Chronicle Books has acquired Handprint Books, and the Brooklyn, N.Y.-based children’s book publisher will become a Chronicle imprint beginning with its fall 2008 list. Handprint, which was founded in 2000 by former Dutton president and publisher Christopher Franceschelli, has been distributed by Chronicle since its inception. Chronicle will continue to distribute select titles for Franceschelli’s other company, SmartInk Books, which packages picture books for international and domestic companies including Penguin and Scholastic, and publishes a few books under its own name as well.
Franceschelli will head Handprint from Brooklyn, which is just one benefit that Bill Boedeker, children’s publishing director at Chronicle, sees in the new relationship. “It’s great to have Christopher in New York as [a set of] eyes and ears working for us,” he says. “Having Christopher increases our bandwidth.” Boedeker points to Franceschelli’s industry experience and contacts as additional advantages.
Franceschelli also sees multiple benefits in Handprint becoming a Chronicle imprint. “Over time it’s become clear that it’s hardly easy to be a completely independent small publisher,” he says. “You want to be able to say to an author or artist, ‘We’re going to market your books every bit that they deserve.’ I felt that someone like Chronicle is in a much better position than I am.”
Chronicle will handle Handprint’s contracts, royalties, marketing and production, which will allow Franceschelli to concentrate on the books editorially. “My joy in publishing is the shaping of books,” he says, “not in figuring out how to get three different estimates from printers or getting a royalty statement made up—the essential, but perhaps not as pleasurable, bits.”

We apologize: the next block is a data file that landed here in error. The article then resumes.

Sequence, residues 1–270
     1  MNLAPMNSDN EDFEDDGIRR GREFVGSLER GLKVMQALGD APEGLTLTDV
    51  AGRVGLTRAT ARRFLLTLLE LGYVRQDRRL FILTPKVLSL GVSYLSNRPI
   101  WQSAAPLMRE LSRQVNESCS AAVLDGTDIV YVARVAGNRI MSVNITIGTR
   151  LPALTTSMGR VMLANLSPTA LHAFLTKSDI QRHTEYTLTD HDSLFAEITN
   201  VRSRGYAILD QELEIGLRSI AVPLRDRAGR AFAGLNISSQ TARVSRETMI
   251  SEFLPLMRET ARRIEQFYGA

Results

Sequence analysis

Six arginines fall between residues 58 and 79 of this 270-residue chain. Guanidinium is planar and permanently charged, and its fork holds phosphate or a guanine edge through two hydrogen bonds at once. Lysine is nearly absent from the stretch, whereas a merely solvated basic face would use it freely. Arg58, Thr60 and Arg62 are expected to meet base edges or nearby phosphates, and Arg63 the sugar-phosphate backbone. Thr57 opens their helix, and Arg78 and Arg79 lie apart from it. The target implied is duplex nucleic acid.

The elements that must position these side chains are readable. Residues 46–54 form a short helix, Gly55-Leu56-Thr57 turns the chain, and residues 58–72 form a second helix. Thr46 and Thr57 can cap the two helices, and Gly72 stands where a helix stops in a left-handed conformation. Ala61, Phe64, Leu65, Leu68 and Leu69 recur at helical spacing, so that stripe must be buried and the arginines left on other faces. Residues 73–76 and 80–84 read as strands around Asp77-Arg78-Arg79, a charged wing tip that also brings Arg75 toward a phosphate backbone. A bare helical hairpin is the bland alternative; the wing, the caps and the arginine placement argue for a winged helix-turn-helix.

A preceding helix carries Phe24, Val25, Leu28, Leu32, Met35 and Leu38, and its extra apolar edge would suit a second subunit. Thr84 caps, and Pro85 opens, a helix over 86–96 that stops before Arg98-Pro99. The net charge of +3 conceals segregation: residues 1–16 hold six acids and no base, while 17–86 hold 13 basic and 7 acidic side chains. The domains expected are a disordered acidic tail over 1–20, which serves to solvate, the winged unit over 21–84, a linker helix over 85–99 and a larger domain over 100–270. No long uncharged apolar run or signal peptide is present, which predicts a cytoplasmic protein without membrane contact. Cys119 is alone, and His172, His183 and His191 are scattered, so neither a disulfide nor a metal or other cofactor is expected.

Chronicle will have editorial input in his lists and pay the advances and royalties, “so we’ll definitely be involved,” Boedeker says. But he agrees that having Franceschelli focus on editorial content is a key part of the new arrangement. “We wanted to allow him the creative freedom to go and explore and make discoveries on his own,” he says.
Franceschelli says he had founded Handprint as “a place where I could publish idiosyncratic but hopefully also very saleable books,” and that while he had the ability to publish a broad array of titles during his tenure at Dutton, “the size of the house meant I was becoming ever more removed from the books.” He first approached Chronicle about distributing Handprint’s books because he felt they had compatible publishing philosophies and because of Chronicle’s commitment to its children’s and adult titles alike, strengths that Franceschelli believes will continue to be an asset in the companies’ new relationship. “I wanted to be able to rely on someone like Chronicle who had the clout to be a presence both in the trade and in the institutional market, and who also shared quite a similar and independent vision of what publishing is,” he says. Handprint currently has a backlist of around 40 titles.
Handprint’s first list as a Chronicle imprint will consist of a single title, Mama’s Kiss by Jane Yolen, illustrated by Dan Baxter (the illustrator’s debut book). The imprint is scheduled to issue four to six titles annually, but both Franceschelli and Boedeker agree that the list sizes are not set in stone. “We have an easy relationship with Christopher,” Boedeker says. “It’s more the process of discovery that we’re looking forward to. Christopher has always felt like part of the family, and this formalizes that relationship.”